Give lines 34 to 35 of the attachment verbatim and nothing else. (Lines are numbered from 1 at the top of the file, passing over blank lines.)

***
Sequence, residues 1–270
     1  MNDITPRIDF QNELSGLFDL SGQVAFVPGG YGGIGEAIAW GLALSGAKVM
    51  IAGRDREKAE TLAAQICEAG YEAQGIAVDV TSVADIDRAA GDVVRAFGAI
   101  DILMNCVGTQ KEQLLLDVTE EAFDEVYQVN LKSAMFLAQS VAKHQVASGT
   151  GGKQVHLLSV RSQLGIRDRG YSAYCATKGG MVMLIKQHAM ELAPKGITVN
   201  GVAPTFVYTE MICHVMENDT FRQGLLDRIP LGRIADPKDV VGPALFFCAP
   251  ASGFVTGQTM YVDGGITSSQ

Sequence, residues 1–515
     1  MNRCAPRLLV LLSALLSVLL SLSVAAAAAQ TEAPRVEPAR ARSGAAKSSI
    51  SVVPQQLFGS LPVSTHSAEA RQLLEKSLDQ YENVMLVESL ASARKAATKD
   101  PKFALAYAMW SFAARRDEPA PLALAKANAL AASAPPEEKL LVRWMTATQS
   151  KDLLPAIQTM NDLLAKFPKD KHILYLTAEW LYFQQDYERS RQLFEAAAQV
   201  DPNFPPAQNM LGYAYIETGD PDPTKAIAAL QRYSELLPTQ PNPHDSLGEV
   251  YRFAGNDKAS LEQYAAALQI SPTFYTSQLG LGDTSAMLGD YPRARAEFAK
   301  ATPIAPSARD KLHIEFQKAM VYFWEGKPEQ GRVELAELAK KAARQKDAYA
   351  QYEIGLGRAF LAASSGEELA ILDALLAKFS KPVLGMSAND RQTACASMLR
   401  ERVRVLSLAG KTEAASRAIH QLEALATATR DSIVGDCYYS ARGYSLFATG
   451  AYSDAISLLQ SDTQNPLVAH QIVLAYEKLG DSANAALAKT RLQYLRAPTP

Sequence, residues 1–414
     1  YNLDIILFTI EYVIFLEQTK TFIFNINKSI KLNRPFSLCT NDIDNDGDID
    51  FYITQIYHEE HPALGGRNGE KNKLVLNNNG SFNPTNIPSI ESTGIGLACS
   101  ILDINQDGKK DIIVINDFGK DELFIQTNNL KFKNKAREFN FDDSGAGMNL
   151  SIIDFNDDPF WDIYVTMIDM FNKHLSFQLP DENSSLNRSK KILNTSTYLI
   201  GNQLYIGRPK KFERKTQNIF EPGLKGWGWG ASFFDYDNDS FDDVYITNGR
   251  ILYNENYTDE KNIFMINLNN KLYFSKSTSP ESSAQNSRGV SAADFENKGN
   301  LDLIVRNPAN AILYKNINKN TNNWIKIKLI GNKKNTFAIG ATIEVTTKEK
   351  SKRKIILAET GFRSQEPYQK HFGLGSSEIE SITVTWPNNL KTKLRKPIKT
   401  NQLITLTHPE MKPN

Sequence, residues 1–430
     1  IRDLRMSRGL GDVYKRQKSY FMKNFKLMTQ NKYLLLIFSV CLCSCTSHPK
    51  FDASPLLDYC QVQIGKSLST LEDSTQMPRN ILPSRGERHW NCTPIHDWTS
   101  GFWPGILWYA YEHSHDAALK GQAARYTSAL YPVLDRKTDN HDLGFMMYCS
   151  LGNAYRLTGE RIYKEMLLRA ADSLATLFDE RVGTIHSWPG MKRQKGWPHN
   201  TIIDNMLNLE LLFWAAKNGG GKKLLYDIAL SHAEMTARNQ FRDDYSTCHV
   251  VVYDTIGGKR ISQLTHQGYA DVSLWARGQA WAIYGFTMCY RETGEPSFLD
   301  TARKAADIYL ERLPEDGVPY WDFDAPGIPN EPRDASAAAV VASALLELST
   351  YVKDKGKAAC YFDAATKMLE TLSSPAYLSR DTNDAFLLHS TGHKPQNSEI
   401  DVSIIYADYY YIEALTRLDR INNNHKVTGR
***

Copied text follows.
   201  TIIDNMLNLE LLFWAAKNGG GKKLLYDIAL SHAEMTARNQ FRDDYSTCHV
   251  VVYDTIGGKR ISQLTHQGYA DVSLWARGQA WAIYGFTMCY RETGEPSFLD